Welcome to PatsFans.com

What really happened in the second round?

Discussion in 'Patriots Draft Talk' started by FredFromDartmouth, May 6, 2012.

Thread Status:
Not open for further replies.
  1. FredFromDartmouth

    FredFromDartmouth Rookie

    Joined:
    Mar 22, 2009
    Messages:
    1,981
    Likes Received:
    2
    Ratings:
    +4 / 5 / -0

    Has any background or insider information been published about how the Patriots came to have such a screwball second round?

    It was as if the Patriots went into panic mode but they had a whole day to prepare for round two; it does not make sense.

    The only thing that makes sense is that they had arranged a trade partner before the round started with the proviso that if such and such a player (Kendricks? Stephen Hill? who knows) was still there then the trade partner would trade to move up for him. Then bam! the Eagles take Kendricks (or whatever) and the Patriots go into panic mode; they don't have any late-round picks to use on Wilson (i.e. a 4'th or 5 fifth or whatever)--they have to take him now or miss out. So instead of taking someone like Peter Konz or a LB they panic and take Wilson two or three rounds too early.

    Then at 62 the Patriots call and call but they best offer is a lame one from Green Bay so they panic and accept the trade. It was as if Green Bay knew they were desperate. So the question becomes: will Carey Hayward be better than Bequett and Fonzie and some camp fodder. Probably not so in the long run BB did well with this trade-down.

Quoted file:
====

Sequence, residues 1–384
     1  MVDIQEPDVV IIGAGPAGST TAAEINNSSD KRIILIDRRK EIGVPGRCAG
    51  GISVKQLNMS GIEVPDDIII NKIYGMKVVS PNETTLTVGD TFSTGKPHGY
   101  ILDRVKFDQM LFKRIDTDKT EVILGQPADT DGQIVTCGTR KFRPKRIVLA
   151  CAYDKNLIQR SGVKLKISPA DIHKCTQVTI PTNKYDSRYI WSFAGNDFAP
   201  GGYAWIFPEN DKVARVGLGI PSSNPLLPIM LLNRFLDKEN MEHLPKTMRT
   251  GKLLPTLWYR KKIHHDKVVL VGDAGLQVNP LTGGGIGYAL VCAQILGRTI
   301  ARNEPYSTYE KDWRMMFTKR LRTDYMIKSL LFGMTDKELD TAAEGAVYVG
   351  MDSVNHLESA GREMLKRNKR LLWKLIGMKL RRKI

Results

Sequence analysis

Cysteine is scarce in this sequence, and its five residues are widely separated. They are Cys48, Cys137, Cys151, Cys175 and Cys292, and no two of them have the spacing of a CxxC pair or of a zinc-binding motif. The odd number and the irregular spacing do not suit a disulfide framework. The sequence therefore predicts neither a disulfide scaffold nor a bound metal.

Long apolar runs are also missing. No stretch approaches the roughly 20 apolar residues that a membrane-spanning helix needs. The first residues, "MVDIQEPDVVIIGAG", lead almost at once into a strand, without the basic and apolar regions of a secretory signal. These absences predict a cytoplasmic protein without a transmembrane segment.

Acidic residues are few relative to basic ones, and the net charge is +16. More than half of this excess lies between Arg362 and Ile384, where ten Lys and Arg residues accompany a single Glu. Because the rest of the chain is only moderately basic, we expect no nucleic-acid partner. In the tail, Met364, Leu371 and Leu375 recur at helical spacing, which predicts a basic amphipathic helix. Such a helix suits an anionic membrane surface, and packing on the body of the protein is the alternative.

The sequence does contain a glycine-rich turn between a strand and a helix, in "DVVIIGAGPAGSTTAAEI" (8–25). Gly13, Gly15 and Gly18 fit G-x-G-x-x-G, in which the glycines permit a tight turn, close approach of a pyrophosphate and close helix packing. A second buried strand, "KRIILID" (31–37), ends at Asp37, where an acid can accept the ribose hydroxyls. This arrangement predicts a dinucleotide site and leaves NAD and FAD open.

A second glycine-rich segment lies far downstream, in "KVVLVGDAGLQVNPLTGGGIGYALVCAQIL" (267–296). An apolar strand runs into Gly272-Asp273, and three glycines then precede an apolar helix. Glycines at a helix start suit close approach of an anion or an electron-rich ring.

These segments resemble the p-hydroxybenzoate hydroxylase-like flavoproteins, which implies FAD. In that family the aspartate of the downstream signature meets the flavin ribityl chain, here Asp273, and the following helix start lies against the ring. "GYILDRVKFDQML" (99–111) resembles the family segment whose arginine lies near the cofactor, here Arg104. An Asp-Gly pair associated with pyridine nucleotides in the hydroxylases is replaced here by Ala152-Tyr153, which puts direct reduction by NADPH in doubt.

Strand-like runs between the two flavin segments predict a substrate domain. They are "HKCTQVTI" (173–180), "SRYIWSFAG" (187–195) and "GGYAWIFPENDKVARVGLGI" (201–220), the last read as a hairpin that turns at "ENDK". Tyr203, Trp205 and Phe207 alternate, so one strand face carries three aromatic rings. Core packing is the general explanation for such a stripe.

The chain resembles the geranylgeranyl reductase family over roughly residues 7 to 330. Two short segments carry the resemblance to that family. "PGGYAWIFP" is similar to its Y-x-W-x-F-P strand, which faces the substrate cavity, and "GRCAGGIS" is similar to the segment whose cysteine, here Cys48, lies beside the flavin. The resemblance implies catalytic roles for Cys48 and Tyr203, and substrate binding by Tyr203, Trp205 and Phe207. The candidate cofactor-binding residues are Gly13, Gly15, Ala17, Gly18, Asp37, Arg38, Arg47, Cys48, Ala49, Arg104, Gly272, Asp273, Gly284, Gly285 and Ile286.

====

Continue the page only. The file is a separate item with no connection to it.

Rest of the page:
2. State

    State Rookie

    Joined:
    Jan 10, 2005
    Messages:
    2,515
    Likes Received:
    3
    Ratings:
    +4 / 0 / -0

    The second round was the yang to the yin of the first.

    I think BB liked a player who wasn't barely on anyone's radar, which is why he had seven or eight visits. Remember the Combine takes what are considered the 300 best players. Teams just wanted a chance to see what he had.

    Although a three-year starter at Illinois, Tavon Wilson was not one of the invitees.

    Neither was he invited to several of the post-season games to highlight his skills.

    BB thinks the whole draft hype and brouhaha is stoked by a bunch of bums, guys who aren't worthy to wear Joel Bushbaum's socks. I think BB respected that man, as he tried to hire him. He has disdain for the ESPN crew. The Mel Kipers and Todd McShays, the internet sites, the publications, the recliner cowboys who think they can do what he has a multimillion-dollar operation for.

    He couldn't resist showing them up. And he will. Tavon Wilson will be a good player in this league. He'll let a lot of potential INTs go through his hands, unless he learns to be a better ballhawk. But he's dependable, versatile, coachable, a leader, fast, good size, etc.

    The whole thing in my opinion, and admittedly it's speculation, is that BB knew he was going to trade down at 62. That was a foregone conclusion. This is corroborated by the poor return he got from it. He forced it.

    So rather than pick Wilson at a more reasonable 62, he went with him at 48, which is a reach. Even if we were privy to the inside information, I have a feeling that conclusion would hold.
  3. Sciz

    Sciz PatsFans.com Supporter PatsFans.com Supporter

    Joined:
    Jul 13, 2009
    Messages:
    7,201
    Likes Received:
    83
    Ratings:
    +192 / 2 / -0

    At 48:
    Belichick had Wilson as at least his #3 safety. He had at least a second round grade on him. There was a report that both the Chargers and Texans had a second round grade on him as well. San Diego picked at 49, and Houston at 58 (they then traded down). That meant that he could get Wilson at 48, but he couldn't really trade down without risking Wilson going to SD at 49, and he couldn't trade into 2013 without both the Chargers and Texans getting a chance at him.